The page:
Most reviewers will agree that the graphics where quite bad. And they were. Pixels can be seen everywhere and the graphic limitations of the Playstation console didn't help. The playability wasn't as thorough as in GoldenEye 007 , the AI of the villains being very much sloppy even when they can make you pass a bad time with their zigzagging sprints, and there were some plot holes in the game scipt (why is Bond shot to the CMGN Party aka mission three when he was an invited guest?) 

The exclusion of a multiplayer mode is also something that hurts the game playability. Inside the game's drive folders there are proofs that the mode was meant to be but scrapped out for unknown reasons, probably related to budget or the release deadline.

Electronic Arts' stand at the E3 in 1999, with atendees
getting a taste of Tomorrow Never Dies.
Nevertheless, one can never be too ungrateful with a team that broke the boundaries and added nice touches to the Bond franchise and expanded the role of some characters in from the movie.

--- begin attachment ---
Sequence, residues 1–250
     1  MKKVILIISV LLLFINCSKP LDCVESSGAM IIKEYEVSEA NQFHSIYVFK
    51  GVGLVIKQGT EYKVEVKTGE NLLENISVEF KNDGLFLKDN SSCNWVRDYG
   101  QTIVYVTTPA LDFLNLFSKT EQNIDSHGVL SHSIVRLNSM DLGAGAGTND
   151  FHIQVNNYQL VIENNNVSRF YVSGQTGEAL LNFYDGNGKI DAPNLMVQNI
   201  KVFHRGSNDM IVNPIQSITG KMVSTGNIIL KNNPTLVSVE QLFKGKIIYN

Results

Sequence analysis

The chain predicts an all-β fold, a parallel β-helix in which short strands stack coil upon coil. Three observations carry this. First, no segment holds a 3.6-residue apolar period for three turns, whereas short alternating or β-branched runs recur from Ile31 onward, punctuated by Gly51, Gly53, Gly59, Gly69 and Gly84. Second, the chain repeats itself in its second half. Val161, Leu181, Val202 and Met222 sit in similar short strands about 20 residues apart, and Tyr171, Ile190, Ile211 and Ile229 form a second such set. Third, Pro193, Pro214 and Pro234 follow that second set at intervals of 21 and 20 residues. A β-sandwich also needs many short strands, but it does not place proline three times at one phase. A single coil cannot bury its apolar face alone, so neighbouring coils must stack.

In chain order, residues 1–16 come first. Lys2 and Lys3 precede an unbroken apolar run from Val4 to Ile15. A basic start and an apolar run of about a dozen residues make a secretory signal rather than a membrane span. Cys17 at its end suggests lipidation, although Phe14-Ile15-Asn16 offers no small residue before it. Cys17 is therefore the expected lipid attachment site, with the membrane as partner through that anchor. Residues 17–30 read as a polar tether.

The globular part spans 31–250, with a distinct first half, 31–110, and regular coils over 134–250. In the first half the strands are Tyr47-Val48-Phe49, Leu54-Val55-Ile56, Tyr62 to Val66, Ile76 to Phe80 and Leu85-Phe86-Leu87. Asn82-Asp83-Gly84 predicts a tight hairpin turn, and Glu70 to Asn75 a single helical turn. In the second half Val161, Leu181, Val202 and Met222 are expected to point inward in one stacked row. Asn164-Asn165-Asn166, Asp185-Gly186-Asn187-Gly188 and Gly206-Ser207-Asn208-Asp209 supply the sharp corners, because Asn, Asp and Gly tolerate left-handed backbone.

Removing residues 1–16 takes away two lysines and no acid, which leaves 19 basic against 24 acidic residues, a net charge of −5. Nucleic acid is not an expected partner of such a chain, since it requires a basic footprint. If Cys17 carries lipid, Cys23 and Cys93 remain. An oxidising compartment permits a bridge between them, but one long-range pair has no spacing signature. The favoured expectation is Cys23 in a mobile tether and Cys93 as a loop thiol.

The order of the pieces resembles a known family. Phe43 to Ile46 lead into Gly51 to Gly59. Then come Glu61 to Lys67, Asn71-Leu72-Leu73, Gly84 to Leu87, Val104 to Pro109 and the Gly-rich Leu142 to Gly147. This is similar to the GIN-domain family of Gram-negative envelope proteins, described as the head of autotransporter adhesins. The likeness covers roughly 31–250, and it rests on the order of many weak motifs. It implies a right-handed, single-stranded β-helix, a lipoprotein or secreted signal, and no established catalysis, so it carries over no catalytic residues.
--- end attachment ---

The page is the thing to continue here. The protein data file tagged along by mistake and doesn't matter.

No piece on Tomorrow Never Dies the video game could omit Tommy Tallarico's fantastic soundtrack, closely inspired by David Arnold's soundtrack for the source film: all of the tracks are related to the stealthy and dynamic moments, same credit goes for the menu music (listed as "A New Beginning" in the soundtrack) that already makes you want to begin the game. Special mention goes for the unused romantic theme song by Elaine Paiva, strangely listed as "Letter to Paris" - one of the most beautiful tunes you have ever heard.

In a final reflection, the video game of Tomorrow Never Dies is a sad story. Sad because it feels cast aside and loathed in the world of Bond games. Probably the law of market wants results and everything else is an anecdote. Anyway, one can still wonder what a great game would it have been with better graphics and a more expanded, less linear playability.

Here's a toast (with a pixelated Martini glass) for Tomorrow Never Dies: the first James Bond video game where we could ski, drive a gadget-laden car and play with another character other than 007.

Mission complete.